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Cannabis refers to any of the products derived from the cannabis plant, Cannabis sativa, including dried plant material, resin (hashish), and other products derived from these substances (e.g. oils, wax). Cannabis contains hundreds of chemical substances, including some that have been found to be psychoactive. Two of the most studied chemicals in cannabis are THC (delta-9-tetrahydrocannabinol) and CBD (cannabidiol).

Therapeutic Use

Access to cannabis for medicinal purposes has been permitted in Canada since 2001. Cannabis use has been found to have therapeutic effects to improve symptoms for some health conditions. The National Academies of Sciences, Engineering, and Medicine has compiled a comprehensive assessment of the Health Effects of Cannabis and Cannabinoids (including therapeutic effects). The College of Family Physicians of Canada has also issued guidelines for Authorizing Dried Cannabis for Chronic Pain or Anxiety.

Non-Therapeutic Use

Cannabis for non-medicinal use in now permitted for legal age adults in Canada.  Historically, cannabis has been the most commonly used illicit substance in Canada, with about 1 in 7 males and 1 in 10 females aged 15 and older reporting past-year cannabis use.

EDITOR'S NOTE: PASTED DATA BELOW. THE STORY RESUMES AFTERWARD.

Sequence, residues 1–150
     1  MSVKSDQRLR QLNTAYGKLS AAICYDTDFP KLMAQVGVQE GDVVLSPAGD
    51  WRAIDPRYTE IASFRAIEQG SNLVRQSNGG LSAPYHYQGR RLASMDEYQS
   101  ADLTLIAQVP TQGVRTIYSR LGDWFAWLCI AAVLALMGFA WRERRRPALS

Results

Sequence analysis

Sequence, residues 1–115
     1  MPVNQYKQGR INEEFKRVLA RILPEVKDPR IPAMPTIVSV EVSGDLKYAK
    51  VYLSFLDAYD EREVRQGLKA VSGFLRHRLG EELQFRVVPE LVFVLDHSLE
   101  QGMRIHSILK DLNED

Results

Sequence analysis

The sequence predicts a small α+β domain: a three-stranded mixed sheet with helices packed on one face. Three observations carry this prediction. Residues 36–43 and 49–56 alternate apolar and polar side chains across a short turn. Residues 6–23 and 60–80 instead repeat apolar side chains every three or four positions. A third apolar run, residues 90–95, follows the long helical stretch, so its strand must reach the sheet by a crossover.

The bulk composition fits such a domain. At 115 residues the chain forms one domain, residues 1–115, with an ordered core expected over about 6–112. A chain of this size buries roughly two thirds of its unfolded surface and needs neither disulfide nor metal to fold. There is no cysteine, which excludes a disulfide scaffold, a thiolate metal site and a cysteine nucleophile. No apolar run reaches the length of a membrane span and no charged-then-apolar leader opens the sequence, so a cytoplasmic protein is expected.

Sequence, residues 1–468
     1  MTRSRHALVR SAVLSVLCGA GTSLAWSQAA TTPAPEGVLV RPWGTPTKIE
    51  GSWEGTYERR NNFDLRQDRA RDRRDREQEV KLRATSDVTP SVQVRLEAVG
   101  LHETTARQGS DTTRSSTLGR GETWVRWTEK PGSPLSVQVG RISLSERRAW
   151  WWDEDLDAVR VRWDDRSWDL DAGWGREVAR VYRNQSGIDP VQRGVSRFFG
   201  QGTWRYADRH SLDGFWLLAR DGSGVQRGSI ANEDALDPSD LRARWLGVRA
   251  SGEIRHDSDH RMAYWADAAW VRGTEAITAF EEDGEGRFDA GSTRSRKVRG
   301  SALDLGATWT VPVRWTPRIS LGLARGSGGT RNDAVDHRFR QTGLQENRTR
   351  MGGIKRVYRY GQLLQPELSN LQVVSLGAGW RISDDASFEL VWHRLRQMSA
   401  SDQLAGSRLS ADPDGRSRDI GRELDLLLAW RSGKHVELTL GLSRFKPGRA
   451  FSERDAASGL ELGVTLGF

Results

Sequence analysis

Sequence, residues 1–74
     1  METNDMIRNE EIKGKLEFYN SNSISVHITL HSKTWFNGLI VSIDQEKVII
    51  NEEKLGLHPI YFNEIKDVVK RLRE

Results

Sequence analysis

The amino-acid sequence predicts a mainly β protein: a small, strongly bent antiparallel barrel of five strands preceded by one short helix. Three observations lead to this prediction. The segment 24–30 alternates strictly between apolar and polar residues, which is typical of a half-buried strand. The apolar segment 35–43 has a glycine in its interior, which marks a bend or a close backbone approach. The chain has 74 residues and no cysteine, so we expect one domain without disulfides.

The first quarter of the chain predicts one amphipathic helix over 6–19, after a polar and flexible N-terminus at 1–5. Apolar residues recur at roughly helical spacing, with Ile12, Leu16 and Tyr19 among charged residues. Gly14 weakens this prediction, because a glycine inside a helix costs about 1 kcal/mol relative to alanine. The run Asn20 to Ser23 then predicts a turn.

While there are some limitations to what we know about the health effects of cannabis, there are some well-documented risks associated with its use. These risks increase with frequent, prolonged use and early initiation of use. There are also specific health risks for young people and people who are pregnant or breastfeeding. A summary of the health effects of cannabis can be found on Health Canada’s Cannabis Health Effects webpage.

The safest way to avoid the health risks associated with cannabis is to abstain from use. For people who do use cannabis CAMH has developed Lower-Risk Cannabis Use Guidelines and associated Evidence Brief with 10 recommendations aimed at limiting possible harms associated with cannabis use.

Screening Tools

New resources are also being developed to support individuals and clinicians to assess patterns of use and develop plans for managing problematic use or dependency. For example, The Centre for Effective Practice, a national not-for-profit organization that acts as a catalyst to improve health care outcomes for Canadians, has developed a non-medical cannabis resource that includes a screening tool, harm reduction and patient counselling supports, and recommended treatment for adverse events. Pathways Research has also developed Healthy Living Workbooks to help people lower risks from alcohol and cannabis use.

See our Getting Help page for a variety of local resources available to patients looking for help managing their cannabis use.

The following resources provide additional information about cannabis for medicinal and non-medicinal use: